1.  In a large skillet, heat 2 tablespoons olive oil over medium heat for 30 seconds with a pinch of crushed red pepper.  Add eggplant and onions, sprinkle with salt and pepper; cook about 10 minutes, stirring regularly, until quite softened and tender.  Add tomato and garlic, let cook another 2 minutes or so, and remove from heat. Stir in lemon rind.  Taste and adjust for seasonings.
2.  Meanwhile, in a large shallow bowl or on a large platter, using your hands, mix together the rice, herbs, and spinach.  Sprinkle with just a bit of salt and pepper and mix again.  Pushing the the rice mixture out from the center, form a ring to allow room for the eggplant mixture in the middle.  Spoon eggplant mixture into the open space, mounding as needed.

3.  Wipe out skillet with towels, add 2 more tablespoons olive oil and heat over medium flame.  All attention as you begin this step:  Leaving room between each piece, place the mozzarella slices in the skillet, sprinkle with crushed red pepper, and heat briefly until warm and just beginning to ooze.  Quickly turn, using tongs or spatula, and repeat on the other side.  Remove from heat and remove the cheese from the skillet and onto the rice, spreading evenly around the ring. Waste no time or you’ll have a skillet full of melted cheese.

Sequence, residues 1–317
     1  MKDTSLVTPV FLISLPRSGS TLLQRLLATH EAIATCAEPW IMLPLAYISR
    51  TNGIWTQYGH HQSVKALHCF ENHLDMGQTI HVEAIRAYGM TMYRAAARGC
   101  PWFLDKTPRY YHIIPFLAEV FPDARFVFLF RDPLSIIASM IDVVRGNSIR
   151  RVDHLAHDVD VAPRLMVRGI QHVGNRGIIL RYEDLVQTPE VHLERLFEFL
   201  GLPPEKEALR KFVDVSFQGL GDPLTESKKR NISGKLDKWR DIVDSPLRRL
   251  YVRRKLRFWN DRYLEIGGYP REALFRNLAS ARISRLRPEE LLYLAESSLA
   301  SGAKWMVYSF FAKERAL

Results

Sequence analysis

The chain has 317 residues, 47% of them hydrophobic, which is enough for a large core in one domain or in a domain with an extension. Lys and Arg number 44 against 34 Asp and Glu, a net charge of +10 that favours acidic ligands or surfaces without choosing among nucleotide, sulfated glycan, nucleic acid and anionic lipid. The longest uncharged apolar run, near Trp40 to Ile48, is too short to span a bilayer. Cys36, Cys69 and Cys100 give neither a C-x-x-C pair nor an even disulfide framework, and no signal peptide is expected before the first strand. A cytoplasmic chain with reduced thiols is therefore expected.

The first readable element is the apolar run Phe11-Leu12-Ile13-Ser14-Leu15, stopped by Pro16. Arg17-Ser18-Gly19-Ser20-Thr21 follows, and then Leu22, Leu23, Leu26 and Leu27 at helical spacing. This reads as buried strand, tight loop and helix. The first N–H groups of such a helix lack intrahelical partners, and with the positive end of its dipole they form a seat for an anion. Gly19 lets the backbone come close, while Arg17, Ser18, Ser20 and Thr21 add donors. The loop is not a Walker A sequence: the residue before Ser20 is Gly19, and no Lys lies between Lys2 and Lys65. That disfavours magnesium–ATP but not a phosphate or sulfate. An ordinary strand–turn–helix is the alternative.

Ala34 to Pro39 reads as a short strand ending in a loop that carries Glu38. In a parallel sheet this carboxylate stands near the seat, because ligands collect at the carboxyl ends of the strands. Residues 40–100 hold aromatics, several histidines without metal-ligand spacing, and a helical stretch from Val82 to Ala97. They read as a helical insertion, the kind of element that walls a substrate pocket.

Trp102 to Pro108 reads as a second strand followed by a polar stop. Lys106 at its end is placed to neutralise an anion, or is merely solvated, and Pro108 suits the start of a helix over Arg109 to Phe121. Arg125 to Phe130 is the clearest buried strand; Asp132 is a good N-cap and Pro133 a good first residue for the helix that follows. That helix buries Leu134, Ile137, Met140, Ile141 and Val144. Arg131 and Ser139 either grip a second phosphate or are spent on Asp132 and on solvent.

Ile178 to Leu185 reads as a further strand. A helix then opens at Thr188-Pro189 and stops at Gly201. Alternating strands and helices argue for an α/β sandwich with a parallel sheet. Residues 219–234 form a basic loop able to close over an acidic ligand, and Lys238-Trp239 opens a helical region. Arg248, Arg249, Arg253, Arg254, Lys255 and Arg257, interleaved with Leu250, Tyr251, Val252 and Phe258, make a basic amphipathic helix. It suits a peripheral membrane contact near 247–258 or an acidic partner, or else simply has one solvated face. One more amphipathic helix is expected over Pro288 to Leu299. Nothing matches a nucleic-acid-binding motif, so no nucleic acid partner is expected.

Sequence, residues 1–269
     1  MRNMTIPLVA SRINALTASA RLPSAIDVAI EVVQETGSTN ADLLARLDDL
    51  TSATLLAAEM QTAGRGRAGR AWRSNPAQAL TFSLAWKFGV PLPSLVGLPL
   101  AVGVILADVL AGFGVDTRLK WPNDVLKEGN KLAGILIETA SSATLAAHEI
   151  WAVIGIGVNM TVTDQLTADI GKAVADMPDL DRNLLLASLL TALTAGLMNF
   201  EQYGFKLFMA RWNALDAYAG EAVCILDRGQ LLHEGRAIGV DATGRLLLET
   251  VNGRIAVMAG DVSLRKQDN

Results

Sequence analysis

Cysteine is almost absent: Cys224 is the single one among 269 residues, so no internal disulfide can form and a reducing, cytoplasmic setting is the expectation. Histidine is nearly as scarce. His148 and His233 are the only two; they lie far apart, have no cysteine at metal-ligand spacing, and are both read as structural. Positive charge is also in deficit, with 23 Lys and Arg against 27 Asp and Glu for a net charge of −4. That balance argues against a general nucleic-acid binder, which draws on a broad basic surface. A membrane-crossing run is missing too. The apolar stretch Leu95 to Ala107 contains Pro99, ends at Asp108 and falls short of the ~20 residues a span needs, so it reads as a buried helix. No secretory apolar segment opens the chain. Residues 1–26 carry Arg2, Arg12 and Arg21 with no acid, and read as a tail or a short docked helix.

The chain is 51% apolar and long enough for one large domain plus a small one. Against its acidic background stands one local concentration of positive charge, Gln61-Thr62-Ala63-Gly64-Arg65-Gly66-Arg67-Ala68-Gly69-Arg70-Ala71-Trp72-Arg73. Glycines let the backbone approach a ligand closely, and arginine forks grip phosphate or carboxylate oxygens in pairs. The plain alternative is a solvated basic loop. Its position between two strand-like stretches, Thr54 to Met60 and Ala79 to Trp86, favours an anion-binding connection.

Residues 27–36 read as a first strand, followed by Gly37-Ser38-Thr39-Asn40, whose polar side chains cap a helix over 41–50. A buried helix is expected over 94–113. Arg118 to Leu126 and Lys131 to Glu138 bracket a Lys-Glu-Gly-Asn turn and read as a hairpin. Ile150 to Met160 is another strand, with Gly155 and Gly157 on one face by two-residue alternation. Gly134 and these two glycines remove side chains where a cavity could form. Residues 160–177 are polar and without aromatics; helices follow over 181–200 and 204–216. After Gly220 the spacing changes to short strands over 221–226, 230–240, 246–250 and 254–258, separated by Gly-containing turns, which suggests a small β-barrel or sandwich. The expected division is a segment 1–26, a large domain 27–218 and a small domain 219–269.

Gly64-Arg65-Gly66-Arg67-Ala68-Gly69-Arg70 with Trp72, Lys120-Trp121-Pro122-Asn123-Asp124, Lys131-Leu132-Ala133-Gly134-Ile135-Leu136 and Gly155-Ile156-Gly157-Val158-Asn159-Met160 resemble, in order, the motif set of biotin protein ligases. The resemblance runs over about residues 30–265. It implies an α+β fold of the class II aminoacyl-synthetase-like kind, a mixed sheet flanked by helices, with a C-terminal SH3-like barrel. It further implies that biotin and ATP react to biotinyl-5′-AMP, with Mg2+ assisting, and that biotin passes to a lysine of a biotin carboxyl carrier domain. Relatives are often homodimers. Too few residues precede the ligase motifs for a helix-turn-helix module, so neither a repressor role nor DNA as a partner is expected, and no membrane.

4.  Drizzle entire salad with lemon juice and then with remaining 3 tablespoons (best quality, if you have it) extra virgin olive oil.  Taste and adjust seasonings if needed.   Serve at room temperature or cold.  Store leftovers well-covered for up to one day.   Keeps well, according to Dave, who ate all of the rest of it for lunch.

* If you prefer, and it’s too warm, grill the eggplant in slices, cut it up afterward, and stir in fresh chopped tomatoes with just a tablespoon or so of minced onion–perhaps scallions–along with only half the garlic.  Continue with rest of recipe. I’m a good guesser and guess it’d work.  Let me know if you try it.
*You can certainly make this recipe with different vegetables (bell peppers? zucchini? yellow squash?) and/or different herbs (basil? thyme?oregano?)

Quinoa is a tasty substitute for the rice.

{printable recipe}

Sing a new song; make a new salad,

Shop and Chop Pickles: Every Night Now!